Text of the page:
According to In Brief (a free legal-information website written by legal experts)

The common law distinguishes between two different types of airspace. The lower and Upper stratum.

The lower stratum is concerned with the portion immediately above the land and interference with this air space would effect the landowner’s reasonable enjoyment of the land and the structures upon it. Wrongful intrusions include; Overhanging branches of a neighbours trees and plants or projecting eaves or advertising signs and Booms of cranes being used for construction work on neighbouring land.

The Higher Stratum is something which exists above the height which is reasonably acceptable and necessary for the ordinary use and enjoyment of the land by it’s owner. The landowner has no greater rights to this airspace than any other member of the public.

S. 76 Civil Aviation Act 1982 states that ‘the lower stratum is unlikely to extend beyond an altitude of much more than 500 or 1,000 feet above roof level, this being roughly the minimum permissible distance for normal overflying by any aircraft’ (Rules of the Air Regulations 2007, Sch 1, s. 3(5)).

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"unlikely to extend" - what a delightfully lawyerly hedge :-) –  voretaq7 Aug 30 '14 at 18:54
All that says is that planes cannot pass below 1000 to 500 ft (or os), and that just makes certain types of air traffic illegal in that space. It doesn't necessarily give you rights to the air above your land (which isn't to say you don't have those rights, I'm more pointing out that this excerpt doesn't prove you do.) –  Jay Carr Aug 31 '14 at 8:25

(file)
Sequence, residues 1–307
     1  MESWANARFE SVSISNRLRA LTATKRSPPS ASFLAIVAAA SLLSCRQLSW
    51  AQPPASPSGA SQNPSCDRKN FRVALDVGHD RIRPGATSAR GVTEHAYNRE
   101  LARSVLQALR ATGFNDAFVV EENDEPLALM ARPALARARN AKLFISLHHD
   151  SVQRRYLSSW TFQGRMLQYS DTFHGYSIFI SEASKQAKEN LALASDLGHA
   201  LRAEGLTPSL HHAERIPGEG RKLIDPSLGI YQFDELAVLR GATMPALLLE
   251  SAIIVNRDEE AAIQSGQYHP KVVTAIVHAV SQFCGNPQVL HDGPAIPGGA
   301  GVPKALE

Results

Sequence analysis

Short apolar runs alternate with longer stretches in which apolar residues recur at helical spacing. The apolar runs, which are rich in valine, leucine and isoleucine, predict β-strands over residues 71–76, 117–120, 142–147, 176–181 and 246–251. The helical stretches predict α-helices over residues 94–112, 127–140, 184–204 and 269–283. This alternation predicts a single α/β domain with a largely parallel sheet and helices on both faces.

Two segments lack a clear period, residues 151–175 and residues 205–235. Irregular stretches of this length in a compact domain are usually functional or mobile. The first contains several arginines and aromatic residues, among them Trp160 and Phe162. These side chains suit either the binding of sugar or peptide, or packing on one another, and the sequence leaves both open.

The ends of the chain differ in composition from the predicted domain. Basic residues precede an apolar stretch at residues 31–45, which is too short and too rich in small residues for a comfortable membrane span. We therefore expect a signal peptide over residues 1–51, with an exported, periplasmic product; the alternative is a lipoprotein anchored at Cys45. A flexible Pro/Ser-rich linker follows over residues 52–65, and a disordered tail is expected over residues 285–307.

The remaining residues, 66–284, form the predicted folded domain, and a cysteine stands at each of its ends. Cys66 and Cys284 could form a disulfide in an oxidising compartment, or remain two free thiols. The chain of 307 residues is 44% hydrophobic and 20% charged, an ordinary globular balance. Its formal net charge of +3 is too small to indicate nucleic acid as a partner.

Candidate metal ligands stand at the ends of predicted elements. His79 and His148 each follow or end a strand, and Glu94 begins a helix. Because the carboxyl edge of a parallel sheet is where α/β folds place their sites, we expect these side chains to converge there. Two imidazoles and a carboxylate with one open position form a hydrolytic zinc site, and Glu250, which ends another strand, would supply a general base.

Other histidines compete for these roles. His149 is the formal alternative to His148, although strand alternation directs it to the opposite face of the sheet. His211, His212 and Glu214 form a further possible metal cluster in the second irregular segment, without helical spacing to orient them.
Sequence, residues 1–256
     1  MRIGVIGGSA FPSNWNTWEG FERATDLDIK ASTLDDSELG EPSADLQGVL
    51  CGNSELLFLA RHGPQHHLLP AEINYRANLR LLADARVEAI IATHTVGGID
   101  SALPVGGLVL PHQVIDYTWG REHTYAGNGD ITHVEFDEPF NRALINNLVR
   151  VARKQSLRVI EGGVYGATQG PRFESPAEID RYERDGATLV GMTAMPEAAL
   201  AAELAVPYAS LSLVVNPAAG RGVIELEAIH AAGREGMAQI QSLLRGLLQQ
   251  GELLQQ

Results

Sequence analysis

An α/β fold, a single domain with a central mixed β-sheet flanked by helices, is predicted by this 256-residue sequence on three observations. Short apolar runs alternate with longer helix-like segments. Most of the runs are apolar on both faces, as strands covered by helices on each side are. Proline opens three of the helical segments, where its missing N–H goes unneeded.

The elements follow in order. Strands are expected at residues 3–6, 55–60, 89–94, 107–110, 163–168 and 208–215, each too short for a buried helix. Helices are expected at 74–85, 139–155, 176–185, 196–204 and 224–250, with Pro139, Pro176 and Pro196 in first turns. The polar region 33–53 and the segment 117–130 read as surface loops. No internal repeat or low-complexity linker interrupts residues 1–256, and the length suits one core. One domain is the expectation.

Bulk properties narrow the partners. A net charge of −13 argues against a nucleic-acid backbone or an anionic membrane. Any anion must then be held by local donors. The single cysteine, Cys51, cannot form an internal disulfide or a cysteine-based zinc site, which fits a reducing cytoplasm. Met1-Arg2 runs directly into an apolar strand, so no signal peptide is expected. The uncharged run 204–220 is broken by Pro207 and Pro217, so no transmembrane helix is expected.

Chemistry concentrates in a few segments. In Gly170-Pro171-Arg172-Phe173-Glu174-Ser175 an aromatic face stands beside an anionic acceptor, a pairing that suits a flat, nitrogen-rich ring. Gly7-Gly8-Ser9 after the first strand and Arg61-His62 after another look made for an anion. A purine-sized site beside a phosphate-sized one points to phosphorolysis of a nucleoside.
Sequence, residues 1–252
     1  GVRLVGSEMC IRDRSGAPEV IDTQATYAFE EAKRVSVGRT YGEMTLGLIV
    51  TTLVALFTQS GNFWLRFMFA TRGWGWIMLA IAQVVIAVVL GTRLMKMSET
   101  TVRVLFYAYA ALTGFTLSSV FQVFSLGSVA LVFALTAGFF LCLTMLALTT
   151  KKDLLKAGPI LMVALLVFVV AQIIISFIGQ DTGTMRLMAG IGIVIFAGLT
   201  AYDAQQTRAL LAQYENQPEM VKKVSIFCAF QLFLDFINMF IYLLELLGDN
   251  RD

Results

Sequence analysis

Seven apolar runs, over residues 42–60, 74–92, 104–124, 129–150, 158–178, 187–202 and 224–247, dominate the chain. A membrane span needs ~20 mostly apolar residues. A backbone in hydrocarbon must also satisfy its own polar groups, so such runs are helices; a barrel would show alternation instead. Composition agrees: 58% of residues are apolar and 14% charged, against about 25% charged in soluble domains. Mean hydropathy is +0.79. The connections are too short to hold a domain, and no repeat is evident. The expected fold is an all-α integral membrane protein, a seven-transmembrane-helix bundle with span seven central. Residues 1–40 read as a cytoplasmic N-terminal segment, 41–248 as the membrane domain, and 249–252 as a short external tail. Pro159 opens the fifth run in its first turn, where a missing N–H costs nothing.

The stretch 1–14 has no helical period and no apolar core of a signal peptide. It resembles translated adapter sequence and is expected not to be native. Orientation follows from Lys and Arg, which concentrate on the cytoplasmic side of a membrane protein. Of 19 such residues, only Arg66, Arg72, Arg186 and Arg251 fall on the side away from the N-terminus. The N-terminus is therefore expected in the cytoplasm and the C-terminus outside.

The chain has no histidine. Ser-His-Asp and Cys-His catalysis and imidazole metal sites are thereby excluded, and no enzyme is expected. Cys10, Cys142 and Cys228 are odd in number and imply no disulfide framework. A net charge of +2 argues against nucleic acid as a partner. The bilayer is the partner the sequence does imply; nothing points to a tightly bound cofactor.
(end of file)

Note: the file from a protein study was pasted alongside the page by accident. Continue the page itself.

@Jay, I've extended the quotation and provided a reference. A delivery drone in the lower stratum would constitute a "wrongful intrusion" on the landowners rights to reasonable enjoyment of their land. As always, anyone needing legal "proof" should consult the relevant legislation and a lawyer. –  RedGrittyBrick Aug 31 '14 at 20:02
The phrase "lower stratum" does not seem to appear in UK legislation and certainly does not appear in s76 of the CAA 1982. I'll try to give a more complete answer. –  Francis Davey Feb 10 at 14:17
I've posted an answer which I hope is clearer. I'm not particularly confident with In Brief's use of the legislation (eg the citation "s3(5)" is incorrect - suggesting someone unused to English statutory drafting wrote that bit). –  Francis Davey Feb 10 at 14:44

Interesting question. In the US, it appears that the guiding principal is the FAA's definition of Navigable Airspace (another item borrowed from sailing?). And that definition is changing.

In general this is anything above 500 feet, but of course there are exceptions. This document provides some guidance.